22 September, 2004

The other forgery

While we're taking a moment to publicly dress down Dan Rather for his shoddy journalism, let's pause and remember that other recent bit of high-profile forgery. You know, the one that led us to war?

In fact, the analogy is quite perfect: we can call one the "little forgery" and the other, the "big forgery". In both cases the identity of the forger remains obscure. I'm not sure who the little forger was - I haven't been paying enough attention and I'm frankly not all that interested. The identity of the big forger remains undisclosed but is probably known.

Sometime in 2001, according to UN investigators, an individual in Niger's embassy in Rome passed the documents on to Italian intelligence, from whence they mave have traveled to France, and later on to the U.S, and Britain. It's probable that this individual forged the documents as a way of making money, though no one is telling. The notion was apparently conceived based on a tour of Africa Iraq's ambassador to Italy took in 1999.

However, the documents have been blamed on a number of people. Iran has been blamed (based on an Iranian idiom in the forged documents), and bigots at Counterpunch asked rhetorically, "Could it be Israel?" Italy, doing a bit of CYA, even accused the French, saying that the French had probably planted them in order to make the US and its allies look ridiculous. (The US tried a similar version of that dodge a while ago - I think I even mentioned it here - when they claimed that Iran had used Ahmed Chalabi to dupe the US into getting rid of Saddam for them. Okay, chief. We'll believe you, but you have to stop using the term "intelligence services" from now on.)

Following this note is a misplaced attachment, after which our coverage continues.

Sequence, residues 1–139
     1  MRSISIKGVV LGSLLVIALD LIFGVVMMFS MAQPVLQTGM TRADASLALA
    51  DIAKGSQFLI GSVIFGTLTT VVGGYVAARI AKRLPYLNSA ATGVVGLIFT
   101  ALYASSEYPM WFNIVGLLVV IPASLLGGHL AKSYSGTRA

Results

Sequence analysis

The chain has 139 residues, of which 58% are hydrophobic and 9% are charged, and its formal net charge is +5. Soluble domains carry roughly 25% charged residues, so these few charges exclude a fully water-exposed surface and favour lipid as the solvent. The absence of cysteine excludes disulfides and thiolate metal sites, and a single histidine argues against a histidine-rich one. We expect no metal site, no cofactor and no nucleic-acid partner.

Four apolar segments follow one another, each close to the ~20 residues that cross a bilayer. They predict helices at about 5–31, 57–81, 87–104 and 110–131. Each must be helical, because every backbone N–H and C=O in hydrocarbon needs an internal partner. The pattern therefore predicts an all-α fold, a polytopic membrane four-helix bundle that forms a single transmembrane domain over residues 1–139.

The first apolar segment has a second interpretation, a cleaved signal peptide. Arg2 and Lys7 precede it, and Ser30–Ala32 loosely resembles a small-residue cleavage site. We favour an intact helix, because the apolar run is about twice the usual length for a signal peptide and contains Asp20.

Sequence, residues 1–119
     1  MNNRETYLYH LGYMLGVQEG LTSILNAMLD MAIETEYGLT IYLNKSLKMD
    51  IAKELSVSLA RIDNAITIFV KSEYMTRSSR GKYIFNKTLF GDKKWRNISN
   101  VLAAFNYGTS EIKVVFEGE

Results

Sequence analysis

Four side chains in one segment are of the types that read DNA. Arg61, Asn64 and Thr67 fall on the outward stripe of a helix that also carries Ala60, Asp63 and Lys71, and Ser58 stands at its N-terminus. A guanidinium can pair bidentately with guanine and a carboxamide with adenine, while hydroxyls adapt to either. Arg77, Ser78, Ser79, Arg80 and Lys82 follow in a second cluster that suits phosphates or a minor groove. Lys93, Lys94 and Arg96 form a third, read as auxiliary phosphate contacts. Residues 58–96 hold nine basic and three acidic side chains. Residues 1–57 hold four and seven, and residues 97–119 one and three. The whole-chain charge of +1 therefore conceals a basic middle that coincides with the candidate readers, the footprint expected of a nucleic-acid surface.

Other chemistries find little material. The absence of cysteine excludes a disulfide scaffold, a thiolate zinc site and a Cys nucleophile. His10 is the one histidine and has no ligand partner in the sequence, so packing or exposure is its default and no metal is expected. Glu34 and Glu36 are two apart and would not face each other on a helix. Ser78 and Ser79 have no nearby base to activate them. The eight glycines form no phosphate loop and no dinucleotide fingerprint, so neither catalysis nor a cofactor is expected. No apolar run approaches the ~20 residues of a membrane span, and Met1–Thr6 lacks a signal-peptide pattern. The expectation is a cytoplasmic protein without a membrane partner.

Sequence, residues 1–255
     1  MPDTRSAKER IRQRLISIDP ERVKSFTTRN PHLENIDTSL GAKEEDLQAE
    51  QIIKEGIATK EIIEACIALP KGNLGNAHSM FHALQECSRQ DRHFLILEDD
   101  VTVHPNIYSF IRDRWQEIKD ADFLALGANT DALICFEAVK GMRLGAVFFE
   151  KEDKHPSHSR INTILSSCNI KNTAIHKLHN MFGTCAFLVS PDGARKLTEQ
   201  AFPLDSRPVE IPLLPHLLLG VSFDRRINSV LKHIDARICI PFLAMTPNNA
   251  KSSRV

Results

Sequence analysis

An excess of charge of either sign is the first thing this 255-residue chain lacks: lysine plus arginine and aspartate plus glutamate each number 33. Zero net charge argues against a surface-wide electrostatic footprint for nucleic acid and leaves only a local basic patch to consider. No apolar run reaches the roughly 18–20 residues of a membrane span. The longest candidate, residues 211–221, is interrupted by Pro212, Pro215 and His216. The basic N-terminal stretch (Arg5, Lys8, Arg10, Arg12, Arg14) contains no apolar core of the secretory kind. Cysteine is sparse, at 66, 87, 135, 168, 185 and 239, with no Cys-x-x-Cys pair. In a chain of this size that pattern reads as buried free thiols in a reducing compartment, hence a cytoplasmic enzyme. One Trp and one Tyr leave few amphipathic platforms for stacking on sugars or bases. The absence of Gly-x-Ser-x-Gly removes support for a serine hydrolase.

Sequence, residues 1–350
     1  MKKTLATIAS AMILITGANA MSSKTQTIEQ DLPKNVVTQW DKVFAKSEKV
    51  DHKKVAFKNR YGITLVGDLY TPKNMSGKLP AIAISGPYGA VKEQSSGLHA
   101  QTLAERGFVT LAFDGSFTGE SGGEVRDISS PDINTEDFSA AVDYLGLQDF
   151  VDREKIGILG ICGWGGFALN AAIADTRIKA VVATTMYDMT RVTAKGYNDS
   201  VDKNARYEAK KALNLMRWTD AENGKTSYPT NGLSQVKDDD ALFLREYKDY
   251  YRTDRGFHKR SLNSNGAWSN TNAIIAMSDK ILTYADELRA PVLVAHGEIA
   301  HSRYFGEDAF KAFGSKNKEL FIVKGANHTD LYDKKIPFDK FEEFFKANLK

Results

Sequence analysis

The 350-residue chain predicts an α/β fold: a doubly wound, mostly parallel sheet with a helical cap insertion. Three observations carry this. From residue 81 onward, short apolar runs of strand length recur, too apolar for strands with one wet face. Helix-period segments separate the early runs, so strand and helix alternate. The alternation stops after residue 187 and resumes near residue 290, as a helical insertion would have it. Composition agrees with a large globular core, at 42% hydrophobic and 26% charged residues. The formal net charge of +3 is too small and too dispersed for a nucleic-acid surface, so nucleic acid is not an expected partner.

The documents themselves were obvious forgeries, with a number of blatant mistakes and many subtle ones, e.g. photocopied letterhead, a postmark that preceded the date of the letter, references to non-existent agencies and the signature of an official who had been gone for a decade. The CIA was immediately skeptical and urged the British not to use it in their summaries; they qualified it in many of their reviews. Compare to the little forgery, where experts expressed doubts about the authenticity of the forged memos.

And, just like in the little forgery, the interested parties ignored these caveats and continued to present the evidence as sound. Mohammad ElBaradei, chief of the IAEA, said the documents were ridiculous forgeries. This prompted Dick Cheney to come out and baldly state, "I think Mr. Elbaradei is, frankly, wrong." Wolfowitz, Rumsfeld and Rice all made reference to "Iraqi efforts to purchase uranium from abroad". And George W. Bush made famous mention of it in his State of the Union address. Only Powell was more circumspect, omitting it from his UN speech where he detailed the case against Iraq (Tellingly, he included a lot of other total garbage in that speech, like mentioning al-Zarqawi as an Iraqi link to al-Qaida even though i) al-Zarqawi is not al-Qaida and ii) he was in the Kurdish-controlled part of Iraq at the time and could easily have been dispatched by the US).

The CIA has made it abundantly clear that it knew the document was false. They sent Joseph Wilson to Niger to verify it, and he came back and told them it was crap. On several occasions they attempted to censure it, including persuading George Bush not to mention it in a speech. So it's clear that the doubts about its authenticity were well-known to Administration officials. They were simply ignored.

Remember that this was one of the strongest arguments for going to war: the threat of an Iraqi nuclear weapons program. And that, of course, is where the little forgery and the big forgery diverge. One involved an incident of no great importance thirty years in the past. The other precipitated one of the great calamities of modern history that continues to trouble us today. Is there any doubt which should matter most in this election?


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